William & Mary safety Jerome Couplin III (4) tackles West Virginia running back Dreamius Smith (2) during the fourth quarter.
Wendell Smallwood scores WVU's go-ahead TD with 3:22 left in the fourth quarter.
MORGANTOWN, W.Va. - There could, of course, have been worse outcomes for West Virginia's football team Saturday afternoon after facing an FCS opponent.Ask Oregon State. Or Kansas State. Or Iowa State, Connecticut or South Florida."There's plenty of FCS teams out there that are a little bit more happy than William & Mary right now after beating some FBS teams,'' Dana Holgorsen said. "It happens every week. We were fortunate to get out of there without it happening to us.''It nearly did. William & Mary, an FCS school that won just two games last season, led West Virginia 17-7 at halftime and was tied well into the fourth quarter. The Mountaineers finally got a short go-ahead touchdown run from freshman Wendell Smallwood with 3:22 to play and an interception by Darwin Cook to seal the deal two plays later and managed to walk out with a 24-17 win.
It came in front of a crowd of 56,350 at Mountaineer Field.Afterward, Holgorsen perhaps understated the obvious."We have a long way to go on all three sides of the ball,'' he said.He'll get no arguments.West Virginia's rebuilt offense was largely vanilla. The reconfigured defense played fairly well but gave up some big plays that mattered. And the special teams for the most part were average with the exception of punter Nick O'Toole, who averaged 50.6 yards and helped set up the winning drive by initially changing field position.
In fact, the only thing the Mountaineers did manage to really solve, at least for the time being, was that sticky question at quarterback. Millard emerged from the game the clear No. 1 over Florida transfer Clint Trickett.Then again, neither was asked to do much with an offense that ran the ball 44 times and threw it just 27."We asked the quarterback to manage the game,'' offensive coordinator Shannon Dawson. "And he did. But obviously the game plan was pretty simple.''Millard, who served two seasons as Geno Smith's backup without really ever having to perform under pressure, started and played most of the game. He was red hot at the start, completing his first eight passes, but cooled off and was replaced by Clint Trickett in the second quarter. But Trickett's two series were both three-and-outs that included 0-for-2 passing and a sack.So Millard returned at the end of the first half and had a fumble that led to a William & Mary field goal, but then started the second half and played well again. He played the rest of the game, completing 19 of 25 passes for 237 yards.
"I thought he managed the game well, minus one boneheaded play where he dropped the ball on a sack,'' Holgorsen said. "Other than that he managed it well.''
And that's pretty much all he was asked to do. He handed off, usually to Houston transfer Charles Sims, who carried 23 times for 120 yards and a touchdown. He threw deep really only twice, hitting junior college transfer Ronald Carswell on a wide-open 69-yard touchdown in the third quarter that tied the score at 17."I took care of the ball for the most part except for that one fumble,'' Millard said. "But I've got to get better in everything.''West Virginia's reconfigured and supposedly re-energized defense, meanwhile, actually played pretty well. After West Virginia took a 7-0 lead on the first drive of the game, the Tribe scored 17 straight points to end the half and take a 17-7 lead, but those scores all came with asterisks.The two touchdowns were set up by spectacular catches by NFL-caliber wide receiver Tre McBride. The field goal was a direct result of Millard's fumble."They're going to give up plays,'' Holgorsen said. "What happened today with McBride making plays, that's going to happen. Next week when we play [Oklahoma], they're going to have some guys that can make some plays. We have to be able to overcome that and just keep playing. And I think we did a really good job of that today.''Indeed, McBride's catches - 40- and 28-yarders inside the WVU 5-yard line - set up touchdowns, but that was it. After the field goal near the end of the half, the Mountaineers pitched a shutout.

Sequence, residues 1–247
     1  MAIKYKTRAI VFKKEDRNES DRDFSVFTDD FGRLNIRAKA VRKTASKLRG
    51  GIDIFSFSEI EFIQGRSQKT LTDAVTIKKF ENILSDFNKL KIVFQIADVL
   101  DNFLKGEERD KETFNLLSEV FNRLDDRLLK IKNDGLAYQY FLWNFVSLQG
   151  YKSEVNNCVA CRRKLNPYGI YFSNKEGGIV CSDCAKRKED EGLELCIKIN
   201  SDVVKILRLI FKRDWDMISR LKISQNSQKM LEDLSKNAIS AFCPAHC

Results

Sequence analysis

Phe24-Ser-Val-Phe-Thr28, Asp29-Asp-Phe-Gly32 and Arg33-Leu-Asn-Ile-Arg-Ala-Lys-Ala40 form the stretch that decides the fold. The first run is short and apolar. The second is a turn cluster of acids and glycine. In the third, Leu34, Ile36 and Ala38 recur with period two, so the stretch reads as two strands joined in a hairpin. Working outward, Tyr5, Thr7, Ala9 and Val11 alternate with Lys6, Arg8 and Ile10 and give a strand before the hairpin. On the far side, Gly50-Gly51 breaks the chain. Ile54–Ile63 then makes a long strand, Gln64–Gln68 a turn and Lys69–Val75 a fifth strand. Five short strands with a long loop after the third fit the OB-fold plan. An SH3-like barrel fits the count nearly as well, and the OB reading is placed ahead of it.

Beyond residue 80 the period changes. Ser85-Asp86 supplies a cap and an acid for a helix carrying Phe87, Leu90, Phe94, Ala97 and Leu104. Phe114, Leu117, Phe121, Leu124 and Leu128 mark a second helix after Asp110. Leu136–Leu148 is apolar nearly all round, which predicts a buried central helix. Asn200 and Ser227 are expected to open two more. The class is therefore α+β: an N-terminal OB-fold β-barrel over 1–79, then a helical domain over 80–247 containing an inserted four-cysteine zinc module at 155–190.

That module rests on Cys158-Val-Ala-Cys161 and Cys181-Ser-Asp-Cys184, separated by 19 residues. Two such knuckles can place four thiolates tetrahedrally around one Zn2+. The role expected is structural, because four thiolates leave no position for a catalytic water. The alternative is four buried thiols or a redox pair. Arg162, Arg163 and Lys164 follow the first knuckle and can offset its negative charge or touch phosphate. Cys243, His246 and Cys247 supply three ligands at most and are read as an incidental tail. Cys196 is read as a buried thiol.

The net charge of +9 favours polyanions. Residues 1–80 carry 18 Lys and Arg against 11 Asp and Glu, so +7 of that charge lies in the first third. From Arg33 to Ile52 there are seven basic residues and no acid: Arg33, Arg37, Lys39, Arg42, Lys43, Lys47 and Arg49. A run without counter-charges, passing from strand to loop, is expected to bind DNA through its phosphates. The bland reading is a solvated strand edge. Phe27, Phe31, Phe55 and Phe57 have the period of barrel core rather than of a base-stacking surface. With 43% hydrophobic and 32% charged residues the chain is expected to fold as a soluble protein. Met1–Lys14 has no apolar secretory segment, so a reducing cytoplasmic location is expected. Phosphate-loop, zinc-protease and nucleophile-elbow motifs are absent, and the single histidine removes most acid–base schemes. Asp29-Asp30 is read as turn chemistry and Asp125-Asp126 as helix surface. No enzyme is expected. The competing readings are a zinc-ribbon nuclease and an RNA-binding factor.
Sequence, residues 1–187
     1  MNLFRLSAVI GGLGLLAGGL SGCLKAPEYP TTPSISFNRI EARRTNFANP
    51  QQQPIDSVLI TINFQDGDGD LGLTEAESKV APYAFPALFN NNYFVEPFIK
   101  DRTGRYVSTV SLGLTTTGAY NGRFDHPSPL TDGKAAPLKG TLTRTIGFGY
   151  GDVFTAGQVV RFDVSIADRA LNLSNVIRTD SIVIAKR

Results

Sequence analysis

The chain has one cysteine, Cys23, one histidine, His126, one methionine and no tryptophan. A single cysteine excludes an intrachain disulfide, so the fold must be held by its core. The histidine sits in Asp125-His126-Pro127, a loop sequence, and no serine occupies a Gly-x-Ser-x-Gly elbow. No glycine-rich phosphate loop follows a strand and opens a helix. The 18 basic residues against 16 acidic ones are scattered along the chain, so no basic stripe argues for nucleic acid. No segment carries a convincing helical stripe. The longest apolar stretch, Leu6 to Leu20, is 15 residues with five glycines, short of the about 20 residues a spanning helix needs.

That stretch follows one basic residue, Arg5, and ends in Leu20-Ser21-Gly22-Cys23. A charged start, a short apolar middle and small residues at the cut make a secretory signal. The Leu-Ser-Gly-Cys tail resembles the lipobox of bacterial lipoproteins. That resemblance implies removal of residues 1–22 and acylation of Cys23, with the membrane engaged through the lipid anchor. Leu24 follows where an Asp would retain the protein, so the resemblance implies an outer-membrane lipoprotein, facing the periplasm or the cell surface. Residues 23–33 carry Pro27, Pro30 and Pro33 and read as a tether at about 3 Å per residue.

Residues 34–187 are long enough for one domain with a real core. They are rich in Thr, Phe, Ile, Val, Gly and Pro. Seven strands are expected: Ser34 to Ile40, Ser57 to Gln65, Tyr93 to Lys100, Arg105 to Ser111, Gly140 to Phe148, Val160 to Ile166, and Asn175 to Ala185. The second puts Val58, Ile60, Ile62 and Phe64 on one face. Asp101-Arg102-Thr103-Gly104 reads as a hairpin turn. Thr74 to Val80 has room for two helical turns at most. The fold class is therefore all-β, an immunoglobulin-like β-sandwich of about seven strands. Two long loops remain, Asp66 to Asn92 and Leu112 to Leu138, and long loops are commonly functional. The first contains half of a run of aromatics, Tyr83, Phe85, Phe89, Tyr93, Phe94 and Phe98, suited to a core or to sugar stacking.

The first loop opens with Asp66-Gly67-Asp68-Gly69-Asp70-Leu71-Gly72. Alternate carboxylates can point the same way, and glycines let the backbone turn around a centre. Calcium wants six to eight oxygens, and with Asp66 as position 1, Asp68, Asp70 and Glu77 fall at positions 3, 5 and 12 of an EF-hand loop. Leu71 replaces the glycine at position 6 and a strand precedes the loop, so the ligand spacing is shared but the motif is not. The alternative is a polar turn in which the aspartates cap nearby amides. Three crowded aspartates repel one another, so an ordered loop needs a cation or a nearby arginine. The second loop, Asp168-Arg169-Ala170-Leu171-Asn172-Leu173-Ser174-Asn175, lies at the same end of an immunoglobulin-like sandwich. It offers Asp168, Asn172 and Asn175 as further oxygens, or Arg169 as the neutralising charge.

"You could tell the second half they were much more comfortable,'' defensive coordinator Keith Patterson said.And that allowed West Virginia's suddenly methodical offense to take control and eventually win.The Mountaineers' first points of the second half came at the end of a 15-play, 70-yard drive that took more than six minutes and included a fourth-and-1 conversion on a run by Dreamius Smith. But the march sputtered near the goal line and WVU had to settle for a field goal from redshirt freshman Josh Lambert. That closed the gap to 17-10.West Virginia tied the score in a much flashier manner. On its next possession, Millard, operating out of a three-back backfield, found a wide-open Carswell on a post route in the middle of the field. Carswell ran past the cornerback, and because the Tribe was cheating up against what looked like a run formation there was no safety help. He finished off the 69-yard touchdown by trotting into the end zone and the score was tied at 17 with 3:15 to play in the third."All I had to do was make sure I didn't overthrow the guy,'' Millard said.Then finally in the fourth quarter West Virginia put all three phases together. O'Toole got off a 60-yard punt from near his own goal line and Cook tackled returner Sean Ballard for a 2-yard loss. The defense forced a three-and-out and a punt from the William & Mary 19 that reached only to midfield. Then Smallwood's run capped an eight-play drive, only one of which was a pass.Reach Dave Hickman at 304-348-1734 or firstname.lastname@example.org or follow him at Twitter.com/dphickman1.